sRNA cDNA libraries were prepared from total serum RNA from 8 patients (4 NAFL vs 4 NASH) from the study cohort (Table 2) using NEBNext® Multiplex Small RNA Library Prep Set (#E7300 y #7580; New England BioLabs®, Inc., Ipswich, MA, USA) and miRNA were eluted using Pippin Prep System (Sage Science, Inc., Beverly, MA, USA) selecting a range size of 120–200 pb. These libraries were sequenced in a NextSeq 500 System using a 150 cycles Kit (Illumina, Inc., San Diego, CA, USA). The serum samples had a median of 237554 miRNA reads (from 68364 to 512598 reads). Datasets and additional information are deposited in the Gene Expression Omnibus (GEO) Database (GSE114923).


Data analysis and statistics

Qualitative variables are presented as absolute (number, n) and relative (percentage, %) frequencies. Quantitative variables are expressed as measures of central tendency (mean) and dispersion (standard deviation). To assess differences between two groups, qualitative variables were analysed by chi square-test, and quantitative variables by t test for normal distribution and equal variances, or Mann–Whitney U test for non-normal distribution or heteroscedastic variances. For more than two groups, the statistical significance of the mean differences was evaluated by one-way ANOVA and Tukey HSD post hoc test. Correlation between two variables was studied with the Pearson or Spearman test, depending on whether the variables had a normal (parametrical) distribution or not.

The accuracy of predictors of NASH and advanced fibrosis was investigated by determining the area under the receiver operating characteristic (ROC) curve (AUROC). The appropriate cut-off for the best sensitivity and specificity was assessed by Youden Index. Significance was set at a value of P < 0.05.

The interrelationship among multiple miRNAs was modelled by PLS-DA models to overcome issues related to multicollinearity among independent variables, and the relative large number of variables compared to the sample size. PLS-DA is an extensively used multivariate classification method that aims to model the linear relationship between a data matrix and a vector of responses (i.e. classes), extracting a set of latent variables (LVs) explaining the variation in the data correlated with the class vector46. The number of LVs retained determines the complexity of the model. Selecting a high or low number of LVs could lead to overfitting or underfitting, respectively and so, it must be carefully selected. Here, cross-validated figures of merit were used to select the optimum number of LVs and, using autoscaled data, the number of LVs providing the lowest error of classification, estimated by leave-one out-cross validation (LOO-CV), was selected. Likewise, LOO-CV was used for the evaluation of the generalization performance of the developed classifiers using the AUROC, sensitivity, specificity, positive and negative predictive values (PPV and NPV, respectively), the negative and positive likelihood rates (NLR and PLR, respectively) and the overall accuracy as performance estimates.

Additional information

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Acknowledgements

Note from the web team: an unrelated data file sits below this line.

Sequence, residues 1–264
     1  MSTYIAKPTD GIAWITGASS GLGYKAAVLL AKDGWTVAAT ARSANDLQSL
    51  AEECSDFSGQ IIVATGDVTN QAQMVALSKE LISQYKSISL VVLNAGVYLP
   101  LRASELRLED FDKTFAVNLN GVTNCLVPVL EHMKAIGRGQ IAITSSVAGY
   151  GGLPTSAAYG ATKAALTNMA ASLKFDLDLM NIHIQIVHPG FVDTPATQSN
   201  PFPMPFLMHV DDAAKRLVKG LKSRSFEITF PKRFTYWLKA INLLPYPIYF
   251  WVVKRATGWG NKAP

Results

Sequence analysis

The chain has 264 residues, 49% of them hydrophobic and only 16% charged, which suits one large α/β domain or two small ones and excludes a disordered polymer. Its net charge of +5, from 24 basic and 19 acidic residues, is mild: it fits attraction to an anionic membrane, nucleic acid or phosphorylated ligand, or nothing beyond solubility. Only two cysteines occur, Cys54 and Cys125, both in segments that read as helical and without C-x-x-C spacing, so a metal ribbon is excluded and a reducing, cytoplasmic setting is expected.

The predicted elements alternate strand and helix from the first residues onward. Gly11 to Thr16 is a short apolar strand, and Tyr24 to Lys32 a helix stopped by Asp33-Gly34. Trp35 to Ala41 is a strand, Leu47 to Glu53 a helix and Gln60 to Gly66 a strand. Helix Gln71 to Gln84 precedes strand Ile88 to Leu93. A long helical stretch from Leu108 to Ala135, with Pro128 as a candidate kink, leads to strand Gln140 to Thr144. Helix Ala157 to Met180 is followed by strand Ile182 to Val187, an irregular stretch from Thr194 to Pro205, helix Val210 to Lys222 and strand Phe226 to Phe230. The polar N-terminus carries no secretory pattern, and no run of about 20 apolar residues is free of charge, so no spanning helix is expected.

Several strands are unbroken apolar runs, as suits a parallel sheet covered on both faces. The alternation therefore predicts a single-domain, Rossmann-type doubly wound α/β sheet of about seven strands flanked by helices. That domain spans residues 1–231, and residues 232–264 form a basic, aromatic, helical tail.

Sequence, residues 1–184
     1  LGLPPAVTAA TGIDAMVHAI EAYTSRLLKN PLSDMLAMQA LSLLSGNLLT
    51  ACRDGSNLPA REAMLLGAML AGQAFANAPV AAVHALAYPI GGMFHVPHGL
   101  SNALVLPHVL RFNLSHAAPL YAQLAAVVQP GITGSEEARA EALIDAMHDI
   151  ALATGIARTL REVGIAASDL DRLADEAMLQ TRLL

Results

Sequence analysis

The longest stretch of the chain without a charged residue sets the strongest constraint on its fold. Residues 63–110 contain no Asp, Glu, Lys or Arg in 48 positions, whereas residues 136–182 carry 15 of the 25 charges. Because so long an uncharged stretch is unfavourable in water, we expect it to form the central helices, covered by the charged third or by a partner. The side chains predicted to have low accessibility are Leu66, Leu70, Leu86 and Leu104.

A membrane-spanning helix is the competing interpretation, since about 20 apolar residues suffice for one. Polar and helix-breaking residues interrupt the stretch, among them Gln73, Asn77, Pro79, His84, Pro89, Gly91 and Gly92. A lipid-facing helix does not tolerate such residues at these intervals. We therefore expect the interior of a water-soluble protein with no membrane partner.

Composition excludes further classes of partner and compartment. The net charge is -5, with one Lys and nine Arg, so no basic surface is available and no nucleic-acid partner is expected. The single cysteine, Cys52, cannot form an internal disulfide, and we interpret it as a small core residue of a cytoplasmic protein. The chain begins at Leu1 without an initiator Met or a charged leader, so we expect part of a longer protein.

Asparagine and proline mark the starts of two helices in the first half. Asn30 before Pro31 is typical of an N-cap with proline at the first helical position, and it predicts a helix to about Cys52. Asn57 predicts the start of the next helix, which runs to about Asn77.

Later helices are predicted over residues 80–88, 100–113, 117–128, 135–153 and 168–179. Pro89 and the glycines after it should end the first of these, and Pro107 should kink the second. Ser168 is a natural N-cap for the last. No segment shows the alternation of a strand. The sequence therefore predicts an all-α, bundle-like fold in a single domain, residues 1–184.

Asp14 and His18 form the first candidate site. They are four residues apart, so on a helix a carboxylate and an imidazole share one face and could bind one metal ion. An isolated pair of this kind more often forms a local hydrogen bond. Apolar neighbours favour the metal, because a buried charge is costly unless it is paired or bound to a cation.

The authors thank Natalia García Morales, M. Teresa Blázquez Ibáñez, Esteban Sáez-Gonzalez and Mónica Bauzá for their expert help in clinical database management and handling. This work has been supported in part by the ALIVE Foundation and the Instituto de Salud Carlos III (Spanish Ministry of Economy and Competitiveness)-FEDER (EU) funds [grant number: FIS 17/01089].

Author information

Affiliations

  1. Hepatología Experimental, IIS Hospital La Fe, Valencia, Spain

    • Mireia López-Riera
    • , Isabel Conde
    • , Guillermo Quintas
    • , José V. Castell
    •  & Ramiro Jover
  2. Medicina Digestiva, Sección Hepatología, Hospital La Fe, Valencia, Spain

    • Isabel Conde
    • , Ángela Zaragoza
    •  & Salvador Benlloch
  3. Health and Biomedicine, Leitat Technological Center, Barcelona, Spain

    • Guillermo Quintas
  4. Unidad de Genómica, Servicio de Secuenciación, IIS Hospital La Fe, Valencia, Spain

    • Laia Pedrola
  5. Anatomía Patológica, Sección Hepatología, Hospital La Fe, Valencia, Spain

    • Judith Perez-Rojas
  6. Medicina Interna, Hospital La Fe, Valencia, Spain

    • Mario Salcedo
  7. Centro de Investigación Biomédica en Red de Enfermedades Hepáticas y Digestivas (CIBERehd), Instituto de Salud Carlos III, Madrid, Spain

    • José V. Castell
    •  & Ramiro Jover
  8. Departamento de Bioquímica y Biología Molecular, Facultad de Medicina, Universidad de Valencia, Valencia, Spain

    • José V. Castell
    •  & Ramiro Jover

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Contributions

Participated in research design: M.L.-R., J.C. and R.J. Collected samples and conducted experiments: M.L.-R., I.C., S.B., M.S. and Á.Z. Histopathology analyses: J.P.-R. RNA sequencing: L.P. Performed data analysis and discussed the data: M.L.-R., G.Q. and R.J. Contributed to the writing of the manuscript and to revising it critically for scientific discussions: M.L.-R., J.C., G.Q. and R.J. All authors approved the final version to be published.

Competing Interests

The authors declare no competing interests.

Corresponding author

Correspondence to Ramiro Jover.

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https://doi.org/10.1038/s41598-018-28854-4